“This whole thing.  Sitting in a hotel, having drinks, being on tour, playing showcases for those people, all of it.  It’s not real.  The second you make all of this your reality, you’re ruined.” 

Maybe the most true thing that I’ve ever heard.  Gave me chills again just writing it.  I wonder if it’s weight translates if you’re reading it right now, or if it was just one of those really important moments that life threw at me one time.  Who knows.  Either way. 



I was spending too much time thinking of a clever title, so I canned the whole Title

I about to begin to study for a math final.  Even as I type that I feel a mix of embarrassment and annoyance.  I feel embarrassed often when I’m on campus or when I’m talking to people about being in college.  I know the obligatory response from everyone is “no! good for you for going back!” and so on, but either way, it is somewhat embarrassing to be taking a math class with 19 year olds.  

If I’ve learned anything from college thus far, it’s this: If you want to be a teacher/professor, a doctoral degree supersedes people skills, calling, ability, and effectiveness.  I’ve now had two professors who have proven this, both of whom are close to my age, both with doctorates in their field who both have no business teaching anyone anything.  There should be a rule against going from undergrad to masters to doctorate to teaching.  An advanced degree doesn’t necessarily mean that you know how to speak to other humans well. 

So there’s that.  

Tomorrow I will walk out of a math class for the last time in my life.  One of the main reasons I avoided going back to school over the years was because of my disdain for math.  I’ve since had to take 3 math classes.  It’s so much worse than I imagined.  In my mind, tomorrow goes something like this: I finish my test, turn it it, return to my seat, take my pants off, poop everywhere, leave pants in poop seat, walk out of class with both middle fingers in the air and someone hands me a Tank 7 and a cigarette.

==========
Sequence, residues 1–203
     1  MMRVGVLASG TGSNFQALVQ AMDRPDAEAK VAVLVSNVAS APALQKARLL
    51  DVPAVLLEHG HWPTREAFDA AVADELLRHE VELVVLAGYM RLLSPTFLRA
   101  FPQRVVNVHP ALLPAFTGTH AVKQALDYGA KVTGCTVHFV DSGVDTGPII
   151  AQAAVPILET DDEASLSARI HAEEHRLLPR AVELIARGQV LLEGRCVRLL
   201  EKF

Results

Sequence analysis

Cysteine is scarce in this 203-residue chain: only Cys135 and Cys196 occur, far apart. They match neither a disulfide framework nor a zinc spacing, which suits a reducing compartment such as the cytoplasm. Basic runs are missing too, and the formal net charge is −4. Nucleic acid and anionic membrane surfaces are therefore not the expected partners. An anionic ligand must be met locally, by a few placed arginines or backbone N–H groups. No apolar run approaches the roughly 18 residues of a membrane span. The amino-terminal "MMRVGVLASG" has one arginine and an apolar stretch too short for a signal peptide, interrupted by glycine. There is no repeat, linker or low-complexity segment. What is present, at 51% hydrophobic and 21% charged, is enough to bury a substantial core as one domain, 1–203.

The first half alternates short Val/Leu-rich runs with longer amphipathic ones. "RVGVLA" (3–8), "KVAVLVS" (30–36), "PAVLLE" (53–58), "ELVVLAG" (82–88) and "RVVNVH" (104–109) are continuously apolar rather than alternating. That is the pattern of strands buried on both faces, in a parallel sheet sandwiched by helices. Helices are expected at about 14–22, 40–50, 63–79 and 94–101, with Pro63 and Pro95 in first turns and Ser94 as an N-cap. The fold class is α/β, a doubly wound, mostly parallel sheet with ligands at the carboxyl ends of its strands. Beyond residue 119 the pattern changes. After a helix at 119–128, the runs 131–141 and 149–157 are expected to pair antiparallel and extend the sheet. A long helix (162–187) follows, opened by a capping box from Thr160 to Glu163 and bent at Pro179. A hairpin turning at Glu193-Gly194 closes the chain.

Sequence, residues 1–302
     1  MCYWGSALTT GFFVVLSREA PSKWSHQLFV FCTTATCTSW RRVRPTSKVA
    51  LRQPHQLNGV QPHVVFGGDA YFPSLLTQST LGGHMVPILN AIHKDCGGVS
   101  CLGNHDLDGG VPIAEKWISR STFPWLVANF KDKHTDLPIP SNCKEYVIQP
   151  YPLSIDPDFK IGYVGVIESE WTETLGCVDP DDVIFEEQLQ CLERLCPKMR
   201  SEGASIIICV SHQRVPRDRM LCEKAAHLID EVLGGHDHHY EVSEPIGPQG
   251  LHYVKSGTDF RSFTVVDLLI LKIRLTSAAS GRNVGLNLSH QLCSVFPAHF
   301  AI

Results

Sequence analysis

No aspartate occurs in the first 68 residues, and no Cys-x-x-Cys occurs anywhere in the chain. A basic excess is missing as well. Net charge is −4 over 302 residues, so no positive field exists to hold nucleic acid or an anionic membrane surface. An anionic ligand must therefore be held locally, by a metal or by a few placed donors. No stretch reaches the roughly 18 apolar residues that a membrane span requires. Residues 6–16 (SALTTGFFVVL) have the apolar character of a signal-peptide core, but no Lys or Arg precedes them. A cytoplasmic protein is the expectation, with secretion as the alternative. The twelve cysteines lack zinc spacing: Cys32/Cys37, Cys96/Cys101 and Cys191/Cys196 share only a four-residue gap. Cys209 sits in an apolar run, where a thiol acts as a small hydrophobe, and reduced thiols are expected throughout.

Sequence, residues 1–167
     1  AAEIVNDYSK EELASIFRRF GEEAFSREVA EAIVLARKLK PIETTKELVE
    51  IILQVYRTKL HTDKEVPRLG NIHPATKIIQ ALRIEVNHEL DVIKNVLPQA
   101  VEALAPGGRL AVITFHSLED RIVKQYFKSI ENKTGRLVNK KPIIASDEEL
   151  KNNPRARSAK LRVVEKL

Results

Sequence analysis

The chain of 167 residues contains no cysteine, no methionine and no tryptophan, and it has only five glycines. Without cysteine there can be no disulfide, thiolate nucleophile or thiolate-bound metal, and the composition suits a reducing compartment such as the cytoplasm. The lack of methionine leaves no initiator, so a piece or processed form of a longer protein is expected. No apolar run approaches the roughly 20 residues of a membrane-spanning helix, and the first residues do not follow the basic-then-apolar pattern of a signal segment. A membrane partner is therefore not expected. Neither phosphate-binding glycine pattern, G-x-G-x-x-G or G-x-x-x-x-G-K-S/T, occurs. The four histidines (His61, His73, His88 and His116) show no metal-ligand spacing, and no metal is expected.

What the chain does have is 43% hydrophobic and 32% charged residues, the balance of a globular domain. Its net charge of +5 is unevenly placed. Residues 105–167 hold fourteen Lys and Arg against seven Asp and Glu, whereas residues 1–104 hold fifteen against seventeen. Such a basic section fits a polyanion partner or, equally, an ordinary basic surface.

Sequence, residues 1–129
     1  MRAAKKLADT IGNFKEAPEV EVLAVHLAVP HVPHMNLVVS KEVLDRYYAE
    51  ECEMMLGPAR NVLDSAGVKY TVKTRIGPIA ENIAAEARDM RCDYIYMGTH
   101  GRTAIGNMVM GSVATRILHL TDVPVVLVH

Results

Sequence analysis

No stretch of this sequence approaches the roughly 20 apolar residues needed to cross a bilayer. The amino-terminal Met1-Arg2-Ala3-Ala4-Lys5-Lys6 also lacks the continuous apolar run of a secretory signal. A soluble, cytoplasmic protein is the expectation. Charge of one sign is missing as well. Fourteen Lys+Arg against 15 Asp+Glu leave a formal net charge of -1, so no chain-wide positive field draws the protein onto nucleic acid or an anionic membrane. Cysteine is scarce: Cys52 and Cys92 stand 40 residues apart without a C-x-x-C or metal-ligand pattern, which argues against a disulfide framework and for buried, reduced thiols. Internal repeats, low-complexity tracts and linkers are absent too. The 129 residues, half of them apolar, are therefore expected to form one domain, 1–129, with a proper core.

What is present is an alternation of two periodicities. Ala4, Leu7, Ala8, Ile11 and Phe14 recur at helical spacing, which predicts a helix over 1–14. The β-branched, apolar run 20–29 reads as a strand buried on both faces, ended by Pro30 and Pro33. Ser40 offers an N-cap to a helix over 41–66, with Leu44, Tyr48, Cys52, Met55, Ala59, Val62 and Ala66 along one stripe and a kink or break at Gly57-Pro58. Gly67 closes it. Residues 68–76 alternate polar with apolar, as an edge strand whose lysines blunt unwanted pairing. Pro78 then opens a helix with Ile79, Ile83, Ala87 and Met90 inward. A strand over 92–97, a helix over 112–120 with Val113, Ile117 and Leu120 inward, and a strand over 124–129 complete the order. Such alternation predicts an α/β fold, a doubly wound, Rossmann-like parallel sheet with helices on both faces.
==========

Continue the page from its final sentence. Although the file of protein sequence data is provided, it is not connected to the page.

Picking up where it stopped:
Thats silly of course. You can’t smoke on campus anymore.  

I’ve got a winter break coming up, and son of a bitch, I’m going to read a book that isn’t required reading and has nothing to do with teaching kids.  I’m starting a book club with myself and no one is invited.  At my book club we drink, curse, make fun of people, and skip over boring parts of description.  

For those of you who are appalled that I would skip over long descriptive sections of books, I offer two quick notes.  

1) I overheard some kids at the college last week talking about the new Hobbit movie, and Lord of the Rings and so on.  One of the girls says to the group, “the movies are sooo much better, in the books, Tolkien spends too much time describing things, like he describes The Shire for like 5 pages.”  

To her and others like her, let me respectfully say that you are not smart and here’s why.  If Tolkien didn’t spend so much time describing the Shire, HOW WOULD THE EFFING MOVIE MAKERS KNOW WHAT IT WAS SUPPOSED TO LOOK LIKE?! How would you know what to picture in your mind while you’re reading.  (I just double checked that I correctly used both forms of “your” and “you’re”) 

and 2) The last book I read top to bottom was David Copperfield in all of its 1000 page glory, so that give me a couple free passes to skip pages from Ivan Doig who I know nothing about and have yet to from an opinion on his descriptive paragraphs.  

Yep. I’m a nerd.

Here’s to pooping myself in math tomorrow!